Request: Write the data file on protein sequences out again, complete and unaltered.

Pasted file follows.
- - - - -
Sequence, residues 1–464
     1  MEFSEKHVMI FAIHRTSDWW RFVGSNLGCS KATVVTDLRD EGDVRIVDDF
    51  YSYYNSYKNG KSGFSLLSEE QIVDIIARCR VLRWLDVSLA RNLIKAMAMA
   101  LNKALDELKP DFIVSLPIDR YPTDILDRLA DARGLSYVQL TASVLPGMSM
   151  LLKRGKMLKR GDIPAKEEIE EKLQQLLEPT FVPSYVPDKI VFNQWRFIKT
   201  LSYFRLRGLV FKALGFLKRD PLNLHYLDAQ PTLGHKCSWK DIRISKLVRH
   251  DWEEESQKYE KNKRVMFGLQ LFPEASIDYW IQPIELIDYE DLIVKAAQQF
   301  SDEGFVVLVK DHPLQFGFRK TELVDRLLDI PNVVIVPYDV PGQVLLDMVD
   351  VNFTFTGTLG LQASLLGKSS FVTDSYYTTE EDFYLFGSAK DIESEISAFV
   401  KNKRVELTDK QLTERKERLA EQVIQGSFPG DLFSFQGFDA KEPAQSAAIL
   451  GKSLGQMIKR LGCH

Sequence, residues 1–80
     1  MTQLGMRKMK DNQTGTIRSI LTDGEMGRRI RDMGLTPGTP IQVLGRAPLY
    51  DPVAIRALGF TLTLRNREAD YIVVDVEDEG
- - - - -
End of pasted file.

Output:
Sequence, residues 1–464
     1  MEFSEKHVMI FAIHRTSDWW RFVGSNLGCS KATVVTDLRD EGDVRIVDDF
    51  YSYYNSYKNG KSGFSLLSEE QIVDIIARCR VLRWLDVSLA RNLIKAMAMA
   101  LNKALDELKP DFIVSLPIDR YPTDILDRLA DARGLSYVQL TASVLPGMSM
   151  LLKRGKMLKR GDIPAKEEIE EKLQQLLEPT FVPSYVPDKI VFNQWRFIKT
   201  LSYFRLRGLV FKALGFLKRD PLNLHYLDAQ PTLGHKCSWK DIRISKLVRH
   251  DWEEESQKYE KNKRVMFGLQ LFPEASIDYW IQPIELIDYE DLIVKAAQQF
   301  SDEGFVVLVK DHPLQFGFRK TELVDRLLDI PNVVIVPYDV PGQVLLDMVD
   351  VNFTFTGTLG LQASLLGKSS FVTDSYYTTE EDFYLFGSAK DIESEISAFV
   401  KNKRVELTDK QLTERKERLA EQVIQGSFPG DLFSFQGFDA KEPAQSAAIL
   451  GKSLGQMIKR LGCH

Sequence, residues 1–80
     1  MTQLGMRKMK DNQTGTIRSI LTDGEMGRRI RDMGLTPGTP IQVLGRAPLY
    51  DPVAIRALGF TLTLRNREAD YIVVDVEDEG